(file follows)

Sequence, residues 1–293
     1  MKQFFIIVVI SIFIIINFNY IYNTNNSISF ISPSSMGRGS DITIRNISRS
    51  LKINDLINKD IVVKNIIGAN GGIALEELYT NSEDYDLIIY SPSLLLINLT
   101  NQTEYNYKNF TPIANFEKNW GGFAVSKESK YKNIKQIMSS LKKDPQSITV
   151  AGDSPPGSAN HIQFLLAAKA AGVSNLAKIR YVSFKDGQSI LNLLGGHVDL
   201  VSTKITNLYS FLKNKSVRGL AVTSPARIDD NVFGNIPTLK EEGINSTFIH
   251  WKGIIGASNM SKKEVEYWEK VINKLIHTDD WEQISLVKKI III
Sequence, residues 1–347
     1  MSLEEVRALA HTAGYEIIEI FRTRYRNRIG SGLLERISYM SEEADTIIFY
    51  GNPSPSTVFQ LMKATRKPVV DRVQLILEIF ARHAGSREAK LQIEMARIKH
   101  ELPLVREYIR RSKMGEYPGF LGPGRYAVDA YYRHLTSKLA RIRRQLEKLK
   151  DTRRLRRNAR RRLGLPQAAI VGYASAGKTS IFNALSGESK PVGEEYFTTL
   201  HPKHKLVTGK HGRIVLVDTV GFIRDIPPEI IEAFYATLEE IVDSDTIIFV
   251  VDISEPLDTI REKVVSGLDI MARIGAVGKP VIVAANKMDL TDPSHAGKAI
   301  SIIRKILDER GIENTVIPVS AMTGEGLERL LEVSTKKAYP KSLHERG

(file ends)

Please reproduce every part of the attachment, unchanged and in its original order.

Sequence, residues 1–293
     1  MKQFFIIVVI SIFIIINFNY IYNTNNSISF ISPSSMGRGS DITIRNISRS
    51  LKINDLINKD IVVKNIIGAN GGIALEELYT NSEDYDLIIY SPSLLLINLT
   101  NQTEYNYKNF TPIANFEKNW GGFAVSKESK YKNIKQIMSS LKKDPQSITV
   151  AGDSPPGSAN HIQFLLAAKA AGVSNLAKIR YVSFKDGQSI LNLLGGHVDL
   201  VSTKITNLYS FLKNKSVRGL AVTSPARIDD NVFGNIPTLK EEGINSTFIH
   251  WKGIIGASNM SKKEVEYWEK VINKLIHTDD WEQISLVKKI III
Sequence, residues 1–347
     1  MSLEEVRALA HTAGYEIIEI FRTRYRNRIG SGLLERISYM SEEADTIIFY
    51  GNPSPSTVFQ LMKATRKPVV DRVQLILEIF ARHAGSREAK LQIEMARIKH
   101  ELPLVREYIR RSKMGEYPGF LGPGRYAVDA YYRHLTSKLA RIRRQLEKLK
   151  DTRRLRRNAR RRLGLPQAAI VGYASAGKTS IFNALSGESK PVGEEYFTTL
   201  HPKHKLVTGK HGRIVLVDTV GFIRDIPPEI IEAFYATLEE IVDSDTIIFV
   251  VDISEPLDTI REKVVSGLDI MARIGAVGKP VIVAANKMDL TDPSHAGKAI
   301  SIIRKILDER GIENTVIPVS AMTGEGLERL LEVSTKKAYP KSLHERG